Network Security Fall 2023

Network Security explores practical elements of securing networked systems and services. The course goals are the following:

  • Provide a solid understanding of the design and analysis of network security architectures, protocols, and services
  • Provide an in-depth examination of contemporary network security standards and their limitations
  • Provide hands-on experience in attacking and defending network services

Topics covered by this course include:

  • Security foundations
  • Low-level network attacks
  • Wireless security
  • Naming and routing
  • Privacy and anonymity
  • Web security
  • Cloud applications
  • Network service vulnerabilities
  • Malicious campaigns and exploitation


  • Class is held Tuesdays and Fridays 9:50–11:30 in EXP 204
  • Office hours are Tuesdays 15:00–16:00 and Fridays 12:00–13:00 in ISEC 609
  • TA hours are Wednesdays 11:50–12:50 in INV 016


Grades will be assigned based on the completion of assignments, labs, and in-class participation. Final grades may be subject to a curve.

Assignments will consist of programming problems. Students will have ~1-2 weeks to complete each assignment. Assignments will be completed in groups of ~4. Late assignments will be accepted, with the caveat that grading will be penalized by a full letter grade for each 24-hour period following the submission deadline that an assignment is late. Re-grades of assignments may be permitted, with an associated penalty. The assignment with the lowest score will be dropped from the final grade calculation.

Labs will be completed in class in the same groups as for assignments. The lab with the lowest score will be dropped from the final grade calculation.

Groups will be rotated periodically, and individual scores will be weighted by peer assessments.

Component Contribution
Assignments 60%
Labs 35%
Participation 5%


This course requires programming maturity, and a solid background in computer networking. You can expect that the assignments will involve non-trivial programming, in some cases using low-level OS or library APIs. Moreover, you must have passed a networking course covering design concepts and programming APIs for IP, TCP, and UDP, at a minimum. It is very difficult for most students to learn networking concepts on the fly and simultaneously pass this class. If you don’t satisfy this prerequisite, you should only take this class after you have done so.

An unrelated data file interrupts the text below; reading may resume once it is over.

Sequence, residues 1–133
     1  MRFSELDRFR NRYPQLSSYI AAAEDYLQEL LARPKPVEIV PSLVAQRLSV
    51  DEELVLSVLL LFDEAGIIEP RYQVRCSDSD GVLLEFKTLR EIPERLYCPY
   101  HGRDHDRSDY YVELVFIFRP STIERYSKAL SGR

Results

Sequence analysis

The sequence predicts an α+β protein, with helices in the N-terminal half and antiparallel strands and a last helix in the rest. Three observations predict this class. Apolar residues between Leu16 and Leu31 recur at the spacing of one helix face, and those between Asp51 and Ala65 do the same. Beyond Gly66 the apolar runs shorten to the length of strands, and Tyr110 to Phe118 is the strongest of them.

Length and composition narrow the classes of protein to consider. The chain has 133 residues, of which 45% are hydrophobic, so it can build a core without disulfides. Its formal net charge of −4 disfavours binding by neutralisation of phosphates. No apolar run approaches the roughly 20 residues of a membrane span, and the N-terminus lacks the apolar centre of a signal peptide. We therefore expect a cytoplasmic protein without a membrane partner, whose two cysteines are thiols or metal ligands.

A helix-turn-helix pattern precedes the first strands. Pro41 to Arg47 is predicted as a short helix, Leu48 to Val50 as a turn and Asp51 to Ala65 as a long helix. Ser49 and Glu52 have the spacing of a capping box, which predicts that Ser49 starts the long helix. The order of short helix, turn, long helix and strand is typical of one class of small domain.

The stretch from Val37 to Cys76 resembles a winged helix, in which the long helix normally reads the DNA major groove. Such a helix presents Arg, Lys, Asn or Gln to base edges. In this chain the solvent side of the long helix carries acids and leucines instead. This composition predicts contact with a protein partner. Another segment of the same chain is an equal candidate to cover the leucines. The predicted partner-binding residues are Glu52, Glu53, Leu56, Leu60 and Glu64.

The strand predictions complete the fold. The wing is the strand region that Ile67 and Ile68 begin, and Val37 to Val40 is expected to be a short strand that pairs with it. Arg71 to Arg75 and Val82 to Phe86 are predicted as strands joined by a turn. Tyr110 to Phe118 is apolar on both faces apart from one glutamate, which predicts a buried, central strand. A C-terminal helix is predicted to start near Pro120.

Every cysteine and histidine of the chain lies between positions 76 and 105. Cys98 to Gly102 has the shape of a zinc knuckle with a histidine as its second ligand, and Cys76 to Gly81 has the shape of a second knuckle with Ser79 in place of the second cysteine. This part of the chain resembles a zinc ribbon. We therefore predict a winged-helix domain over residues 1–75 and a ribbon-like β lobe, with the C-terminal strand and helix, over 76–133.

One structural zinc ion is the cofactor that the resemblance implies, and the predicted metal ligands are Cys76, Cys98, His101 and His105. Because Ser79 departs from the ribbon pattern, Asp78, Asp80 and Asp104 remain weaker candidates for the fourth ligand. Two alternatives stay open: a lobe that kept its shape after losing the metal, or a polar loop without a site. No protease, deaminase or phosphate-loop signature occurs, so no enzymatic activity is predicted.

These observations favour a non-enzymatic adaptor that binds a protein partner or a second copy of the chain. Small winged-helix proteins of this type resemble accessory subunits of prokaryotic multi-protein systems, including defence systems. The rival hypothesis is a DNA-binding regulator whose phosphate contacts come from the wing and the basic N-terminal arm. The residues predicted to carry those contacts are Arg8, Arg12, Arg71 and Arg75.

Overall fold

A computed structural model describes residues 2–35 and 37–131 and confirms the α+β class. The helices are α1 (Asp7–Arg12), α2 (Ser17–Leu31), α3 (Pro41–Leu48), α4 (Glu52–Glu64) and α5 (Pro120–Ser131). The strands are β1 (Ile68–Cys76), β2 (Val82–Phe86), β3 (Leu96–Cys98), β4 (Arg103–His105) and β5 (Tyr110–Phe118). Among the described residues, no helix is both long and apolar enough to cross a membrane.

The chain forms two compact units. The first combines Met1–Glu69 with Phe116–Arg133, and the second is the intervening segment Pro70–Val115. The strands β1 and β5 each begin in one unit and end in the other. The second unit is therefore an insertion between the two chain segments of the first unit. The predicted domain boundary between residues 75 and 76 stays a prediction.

In addition, practical familiarity with the following or the ability to refer to other references and documentation for the following is also required:

  • Programming languages: Shell scripting (Bash), a systems language (C, C++, Rust), a scripting language (Python, Ruby), JavaScript
  • Container stacks (OCI, Docker)

If you aren’t familiar with these technologies or are uncomfortable referring to available documentation on your own, you will likely have significant difficulty with this course.

As a concrete example for calibration purposes: If asked to write a TCP client that connects to a remote endpoint and engages in a simple binary proof-of-work protocol from a grammar-based specification, this should take on the order of a couple of hours rather than a week.


Cheating. Work submitted for grading must represent your own effort. Group work is not allowed unless specifically stated otherwise. Similarly, use of third-party content (for code, whether as a library, service, or in source form) is only permissible in the context of the allowances explicitly made as part of a problem statement. “Use” in this context refers not only to copying in the cut-and-paste sense, but any content derived from third-party work. A non-exhaustive list of plagiarism examples include:

  • Copying third-party code verbatim that was published in an online source code repository, forum, or other reference site such as GitHub, GitLab, Stack Overflow, Wikipedia, or similar
  • Adapting an algorithm found in third-party code published online